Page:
Both Medicare Part A and Part B coverage includes services like doctor’s office visits, diagnostic imaging, preventive care, lab testing, surgeries, and even ambulance rides. It will also help cover chemotherapy, radiation therapies, and even any extensive dialysis care for those with renal failure. Unfortunately, these procedures may occur while you were in the hospital. However, even though Medicare Part A covers your inpatient stay, it will be Part B of Medicare that covers all these procedures you may need while in the hospital. This is because the physicians that provide these services are going to be the ones that determine whether or not these services will be inpatient or outpatient care. This is why it’s essential to fully understand what Part A and Part B of Medicare covers.

There are many times when you may ask if you need Part B of Medicare. In all honesty, the answer is yes. This is especially true if Medicare will be either you’re only coverage or your primary coverage when it comes to your healthcare.

Even though these are two different parts of Medicare, Parts A and B are commonly called Original Medicare. These were the first two parts included in Medicare that became law over 40 years ago.

You are only able to sign-up through Medicare Part A and Part B through the Social Security office.

What about the cost? Is Medicare Part B free like Medicare Part A?

Unfortunately, unlike Medicare Part A, Medicare Part B does come with a monthly premium. The standard premium for Medicare Part B in 2024 is $174.70 monthly. This is standard premium is the average for most Americans across the country, although the monthly premium can actually increase based on the tax bracket you fall into according to your most recent tax return. This increase in the Part B premium is known as the Income Related Monthly Adjustment Amount (IRMAA).

When it comes to Medicare and your health, it is essential to make sure that you’re enrolled in Parts A and B. With both of these together, a lot of your inpatient and outpatient care is going to be covered. Even if you are a healthy individual, something may happen that will require you to need both. Therefore, its better to be safe than sorry with your health care. Medical bills can add up relatively quickly, and they are quite costly. When you’re at the Social Security office signing up for Medicare, make sure you’re enrolled for both. That way, you are protected in the event of an emergency or for any of your everyday healthcare needs.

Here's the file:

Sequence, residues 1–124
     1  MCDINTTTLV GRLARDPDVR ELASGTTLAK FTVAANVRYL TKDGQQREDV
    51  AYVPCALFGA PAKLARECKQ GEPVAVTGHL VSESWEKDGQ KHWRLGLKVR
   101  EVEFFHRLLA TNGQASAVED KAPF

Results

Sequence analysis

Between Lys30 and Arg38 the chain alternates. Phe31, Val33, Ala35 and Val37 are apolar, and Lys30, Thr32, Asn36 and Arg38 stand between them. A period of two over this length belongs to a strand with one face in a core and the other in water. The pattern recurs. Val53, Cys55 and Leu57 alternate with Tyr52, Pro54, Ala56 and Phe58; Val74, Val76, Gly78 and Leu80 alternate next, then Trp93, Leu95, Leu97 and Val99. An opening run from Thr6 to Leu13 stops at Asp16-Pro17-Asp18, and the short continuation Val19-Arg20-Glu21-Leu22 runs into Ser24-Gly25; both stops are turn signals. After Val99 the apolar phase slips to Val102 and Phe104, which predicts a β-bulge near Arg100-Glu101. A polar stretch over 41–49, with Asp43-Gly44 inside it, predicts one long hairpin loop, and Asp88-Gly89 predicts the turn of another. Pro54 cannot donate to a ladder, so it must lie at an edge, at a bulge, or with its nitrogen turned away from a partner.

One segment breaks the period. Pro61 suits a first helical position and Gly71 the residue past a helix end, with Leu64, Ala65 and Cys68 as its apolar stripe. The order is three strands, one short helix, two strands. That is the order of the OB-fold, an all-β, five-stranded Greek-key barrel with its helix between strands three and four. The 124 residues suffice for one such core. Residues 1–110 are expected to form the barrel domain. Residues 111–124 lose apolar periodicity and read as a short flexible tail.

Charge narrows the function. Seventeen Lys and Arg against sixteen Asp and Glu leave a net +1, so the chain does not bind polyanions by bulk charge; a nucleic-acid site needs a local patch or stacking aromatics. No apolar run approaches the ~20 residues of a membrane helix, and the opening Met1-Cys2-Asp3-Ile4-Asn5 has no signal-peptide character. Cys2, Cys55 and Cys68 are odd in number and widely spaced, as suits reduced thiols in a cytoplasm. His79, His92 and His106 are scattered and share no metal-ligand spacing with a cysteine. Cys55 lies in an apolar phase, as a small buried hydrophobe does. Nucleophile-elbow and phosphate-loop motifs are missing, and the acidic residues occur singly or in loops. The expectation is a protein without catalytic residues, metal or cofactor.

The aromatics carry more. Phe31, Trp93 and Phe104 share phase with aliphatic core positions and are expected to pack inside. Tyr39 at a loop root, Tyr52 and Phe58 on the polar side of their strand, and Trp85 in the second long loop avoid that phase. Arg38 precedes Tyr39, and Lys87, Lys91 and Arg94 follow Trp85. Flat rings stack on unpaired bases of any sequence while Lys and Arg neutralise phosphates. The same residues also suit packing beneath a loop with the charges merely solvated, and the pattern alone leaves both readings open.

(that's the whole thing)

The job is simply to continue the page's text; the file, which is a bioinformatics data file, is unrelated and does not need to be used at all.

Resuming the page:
Give us a call at 877-88KEITH (53484), an experienced agent will walk you through how to determine your Part B premium.

How To Enroll in Medicare

When you are turning 65, enrolling in Medicare Part A and Medicare Part B is very simple. In fact, you can complete your Medicare enrollment totally online without having to step into a Social Security office! You can apply for both Medicare Parts A and B.


How to Enroll in Medicare Part A

Medicare Part A is your hospital coverage. For most people, Medicare Part A has a $0 monthly premium, so many choose to enroll in Part A even if they plan to continue working and remain on their employer’s insurance. You can apply for Medicare Part A online through the Social Security website.

Our easy to remember forwarding link for the application: 


How to Enroll in Medicare Part A

Medicare Part A is your hospital coverage. For most people, Medicare Part A has a $0 monthly premium, so many choose to enroll in Part A even if they plan to continue working and remain on their employer’s insurance. You can apply for Medicare Part A online through the Social Security website.

Our easy to remember forwarding link for the application: 


How to Enroll in Medicare Part B

Medicare Part B is your outpatient coverage. Unlike Medicare Part A, there is a premium for Medicare Part B. The standard premium in 2024 is $174.70, therefore you will only want to enroll in Medicare Part B if Medicare will be your primary health insurance. You can also enroll in Medicare Part B through the Social Security website. In order to apply for Medicare Part B through the main link, you must be in your Initial Enrollment Period. If you are past age 65 and qualify for a Special Enrollment Period, there is a different process for applying for Medicare Part B, as you need additional information such as the employer coverage form CMS L-564.